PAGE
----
Retired judges, university heads decry new coalition

Open University president: Israel is facing ‘a murky wave that threatens the foundations of the democratic existence’ of Israel.

 The Knesset Plenum ahead of the vote for the new Knesset Speaker, December 13, 2022. (photo credit: YONATAN SINDEL/FLASH90)
The Knesset Plenum ahead of the vote for the new Knesset Speaker, December 13, 2022.
(photo credit: YONATAN SINDEL/FLASH90)

The presidents of Tel Aviv University and the Open University of Israel promised in letters published on Tuesday to oppose policy proposed by the incoming coalition that they say allows discrimination. Dozens of retired judges also published a joint letter, protesting against the incoming coalition’s planned legislation concerning the judicial system.

“In recent days we are facing a murky wave that threatens the foundations of the democratic existence of society, the state and academia in Israel,” wrote Mimi Ajzenstadt, president of the Open University.

“The Open University is based on the principles of equality, openness and academic freedom,” she wrote. “We are committed to maintaining the right of everyone – of any gender, religion, belief, preference or lifestyle – to study academic studies of the highest quality. We are committed to equality in employment, academic freedom in teaching and research freedom. We are committed to openness: mental openness, openness to criticism, openness to the other and more.”

“I hope and wish that the coming days will be marked by moderation and tolerance,” Ajzenstadt wrote. “As the president of the Open University, I undertake to stand guard and act against any harm or threat to harm the basic principles of all of us.”

According to TAU President Ariel Porat, “extreme voices” were raising “outrageous ideas that their very being heard harms the fragile fabric of life as a society in a democratic state.”

“Tel Aviv University will not cooperate with entities that implement policies of discrimination,” he wrote. “I hope that the coming days will be better, that the biting winds will calm and that the voices of logic will prevail. We all must hold guard.”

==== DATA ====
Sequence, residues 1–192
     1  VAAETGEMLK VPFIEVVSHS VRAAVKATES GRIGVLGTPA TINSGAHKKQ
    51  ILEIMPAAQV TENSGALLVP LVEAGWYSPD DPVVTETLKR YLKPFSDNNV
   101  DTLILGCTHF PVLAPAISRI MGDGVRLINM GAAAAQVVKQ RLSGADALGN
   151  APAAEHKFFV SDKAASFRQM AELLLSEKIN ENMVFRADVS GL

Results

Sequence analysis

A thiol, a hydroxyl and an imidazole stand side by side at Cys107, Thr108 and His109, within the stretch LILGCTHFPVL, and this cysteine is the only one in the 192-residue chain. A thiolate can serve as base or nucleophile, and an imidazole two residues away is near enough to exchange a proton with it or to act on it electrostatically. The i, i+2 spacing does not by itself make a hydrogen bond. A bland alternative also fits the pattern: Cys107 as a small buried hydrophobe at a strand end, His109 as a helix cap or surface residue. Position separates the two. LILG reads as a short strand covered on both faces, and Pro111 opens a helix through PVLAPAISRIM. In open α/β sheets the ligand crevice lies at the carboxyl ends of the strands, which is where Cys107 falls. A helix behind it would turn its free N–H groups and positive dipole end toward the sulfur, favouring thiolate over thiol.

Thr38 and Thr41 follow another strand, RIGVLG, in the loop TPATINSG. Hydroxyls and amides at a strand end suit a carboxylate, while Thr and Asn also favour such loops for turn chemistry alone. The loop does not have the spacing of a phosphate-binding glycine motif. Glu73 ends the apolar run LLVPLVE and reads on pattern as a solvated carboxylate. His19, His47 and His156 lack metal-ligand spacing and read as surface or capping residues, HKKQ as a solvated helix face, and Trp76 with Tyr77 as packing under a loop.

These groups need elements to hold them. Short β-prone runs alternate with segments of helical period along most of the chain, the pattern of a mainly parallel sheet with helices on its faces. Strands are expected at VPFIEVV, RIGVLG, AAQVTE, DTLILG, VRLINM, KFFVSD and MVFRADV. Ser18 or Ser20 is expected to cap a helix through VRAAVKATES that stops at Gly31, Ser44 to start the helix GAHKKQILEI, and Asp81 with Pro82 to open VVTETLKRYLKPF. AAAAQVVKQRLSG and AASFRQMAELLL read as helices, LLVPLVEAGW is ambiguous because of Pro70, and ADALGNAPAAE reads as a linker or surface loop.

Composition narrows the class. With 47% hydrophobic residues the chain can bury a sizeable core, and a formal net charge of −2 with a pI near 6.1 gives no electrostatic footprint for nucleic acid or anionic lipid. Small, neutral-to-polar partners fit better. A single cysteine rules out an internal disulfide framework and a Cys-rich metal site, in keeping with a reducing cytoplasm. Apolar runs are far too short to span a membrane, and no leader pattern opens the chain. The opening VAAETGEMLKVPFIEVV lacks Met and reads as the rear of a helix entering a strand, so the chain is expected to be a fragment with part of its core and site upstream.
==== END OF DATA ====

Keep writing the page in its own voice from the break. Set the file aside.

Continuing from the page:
High Court of Justice prepares for hearing on whether Prime Minister Benjamin Netanyahu can form the next government, May 3, 2020 (credit: COURTESY HIGH COURT OF JUSTICE)High Court of Justice prepares for hearing on whether Prime Minister Benjamin Netanyahu can form the next government, May 3, 2020 (credit: COURTESY HIGH COURT OF JUSTICE)

78 judges express opposition to plans of incoming government

Seventy-eight retired judges protested against legislation planned by the incoming government, including the Override Clause and the selection of new judges.

“We, retired judges, are deeply concerned about the voices heard recently from elected officials concerning expected legislation that will lead to deep harm to the fundamental values of the state,” they wrote.

The Override Clause would harm the defense of human rights in law, including the right of equality, freedom of speech, freedom of employment and the right to privacy, they said.

“Subjugating this defense to one political majority or another will impact every person, minority and group and will sprawl across the entire fabric of life of the Israeli public,” the judges wrote.

Plans to change how judges are selected would make the judicial system dependent on the legislature, they said, adding that changing the role of the attorney-general would lead to ministers being trusted above the law.

“As past judges in Israel’s judicial system, throughout the years we have seen the essence of our position as being the guarding of the fundamental values of the state since its founding, including the protection of human rights, attention to integrity and the rule of law,” they wrote. “The independence of the judicial system is essential for it to carry out its role as the balance against the two other branches: the legislature and the executive branch.”

“The actualization of steps that would harm these values could substantially change the moral character of the State of Israel and hurt the state both internally and in the eyes of the world, international institutions and Jewish communities in the Diaspora,” they added.

The judges called upon MKs to stop such legislation and to continue to respect the values of the Declaration of Independence and the Basic Laws.